Whether you experience a hurricane, a nor’easter or just a typical rainstorm these storms produce a lot of water, which can damage the foundation of your home. Too much water will force the soil around the foundation of your home to expand, which will push up against the home and cause concrete foundation cracks. Storms can also cause various other structural problems if you don’t take preventive measures to secure your home. One of the most popular explanations behind concrete foundation cracks is the freeze and thaw cycle during the winter. Concrete freezes at around 18 degrees and then it melts at around 35 degrees, which is when the cracking develops.
It’s important to make sure your pipes are secured and aren’t leaking and that you don’t have any plumbing leaks in your home. If you’re home isn’t equipped with basement waterproofing or a sump pump, the excess water will add to the soil causing it to expand and push against your foundation.
Regardless of whether the flooding comes from a storm, a leak, inadequate drainage or something else, too much water will be a problem for your concrete foundation. When hydrostatic pressure becomes too much for the foundation of your home you will notice more leaks, more cracks and more problems.
Concrete can also crack under extreme sun and heat because it causes the concrete to expand. During the day and under the sun the concrete will expand, and then overnight the concrete will shrink and retreat back to its original unbaked position.
Get Help Fixing Your Cracks
The moral of the story is that it is important to keep your foundation stable, dry and supported.
When your foundation has wiggle room due to dry soil or if it’s tightly pushed in by expanding soil, these movements cause it to weaken and in turn create concrete foundation cracks. The good news is that concrete foundation cracks that are a result of too much moisture and flooding can be prevented through various methods of basement waterproofing.
It’s also not too difficult to repair concrete foundation cracks with epoxy injections. If you are thinking about preventive measures or you need concrete repair, then contact the team at Triad and they will create a custom solution to your specific situation.
Top 3 Methods of Basement Waterproofing
Are you suffering from a wet basement? Or are you looking for precautionary measures to help prevent basement flooding in your home?
Regardless of the motivation, it’s a good idea to invest in basement waterproofing for your home so you can protect what is yours, prevent any damages as well as save money instead of spending it on fixing a ruined basement or replacing damaged belongings.
If you are trying to figure out a way to cure a wet basement, or how to prevent one from happening then you are probably curious about the products and methods behind basement waterproofing. It is possible to dry out a basement and keep it that way with waterproofing, drainage and sealants, but you need to make sure you are choosing the right method, materials and contractors for your specific situation.
Each basement and situation is different so it is important to know where the moisture could potentially come in from and to create a comprehensive solution that is going to last. There are really only three methods to basement waterproofing – interior, exterior and drainage.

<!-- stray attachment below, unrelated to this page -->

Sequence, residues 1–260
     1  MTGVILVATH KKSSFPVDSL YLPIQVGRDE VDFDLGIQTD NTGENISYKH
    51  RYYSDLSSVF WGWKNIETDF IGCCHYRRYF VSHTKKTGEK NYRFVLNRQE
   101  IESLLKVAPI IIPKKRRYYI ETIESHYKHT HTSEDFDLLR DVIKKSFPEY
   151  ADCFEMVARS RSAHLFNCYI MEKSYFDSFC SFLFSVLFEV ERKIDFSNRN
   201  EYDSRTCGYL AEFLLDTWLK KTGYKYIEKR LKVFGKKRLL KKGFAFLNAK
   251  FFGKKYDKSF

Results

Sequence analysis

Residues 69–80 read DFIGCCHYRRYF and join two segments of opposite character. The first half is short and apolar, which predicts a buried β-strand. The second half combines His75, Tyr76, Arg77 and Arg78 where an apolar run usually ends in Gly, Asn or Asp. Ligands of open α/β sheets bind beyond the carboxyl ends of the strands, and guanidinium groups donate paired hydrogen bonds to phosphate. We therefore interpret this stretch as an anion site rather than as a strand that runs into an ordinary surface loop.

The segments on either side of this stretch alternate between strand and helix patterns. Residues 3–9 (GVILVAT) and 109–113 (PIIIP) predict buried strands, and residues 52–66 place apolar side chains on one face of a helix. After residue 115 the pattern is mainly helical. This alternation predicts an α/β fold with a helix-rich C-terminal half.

Let’s find out more about the top three methods of basement waterproofing .
Interior Sealants & Waterproofing
The most common entry point for water is through cracks in the concrete foundation. The good news is that these cracks can be easily sealed from the inside.
Special sealants are injected into the opening, penetrating through to the exterior where they seal the path off to potential moisture and leaks. These sealants usually last for a long time and come with long warranties. Although interior sealers are good for preventing leaks and humidity, they won’t work perfectly if there is strong hydrostatic pressure (water pressure) pushing against the foundation.
Using waterproof coatings on the inside of your basement is also a good idea. Concrete waterproofing coatings adhere permanently to concrete walls and work well where there is a minor dampness or condensation issue. Sealants and waterproof coatings cannot fix major leaks or basement floods.
Exterior waterproofing helps to prevent water from entering your home to begin with so that the moisture doesn’t damage the foundation or the inside of your basement.
This method is accomplished by fully excavating around the home to the bottom of the foundation. Once that is done, the walls are sealed with a waterproof coating, which will waterproof the walls and direct water down to a drain system.
The drain can then be directed to a sump pump or down a slope that leads away from the foundation. This method will efficiently stop water from entering into your home and basement through the walls or through the foundation.
Interior & Exterior Drainage
If water did somehow make it into your home through a leak, then a proper drainage system is a great way to keep water under control. The easiest way to utilize drainage inside your basement is to have a sump pump that collects the water from inside and then pumps it out away from your home.
Interior drainage systems function by draining underground water from alongside the foundation of your home and then pump it away from the basement. These drainage systems should be prepared to work in case of a power outage, an overwhelming rainfall or heavy snowstorm and snow melt.
Water drainage is an efficient solution to keeping water out of your home and basement and they can also be airtight and used with vapor barriers to keep the area free from dangerous mold and mildew.
Which Method is the Best?
Nobody wants to come home to a flooded or leaky basement, so it is important to take preventive measures ahead of time and to be prepared in case a leak does occur.
There is no one best way to protect your home from leaks and moisture, because each situation is different. For some homes a coat or two of a waterproof sealant may be enough, while others may need a drainage system as well as a waterproof sealant.
When you work with Triad Basement Waterproofing, we will thoroughly analyze your basement, your foundation and your home and compose a unique solution to your issues. We not only waterproof your home, but we also make sure to relieve the water pressure from outside your home.
Apart from waterproofing your basement there are also other things you can do to help keep your home warm and dry.
Check out some of these tips to prevent a flooded basement.
We offer our professional services throughout Maryland, Pennsylvania, Virginia and Washington, DC. If you need basement help or you are thinking about basement waterproofing then contact our experts at Triad today!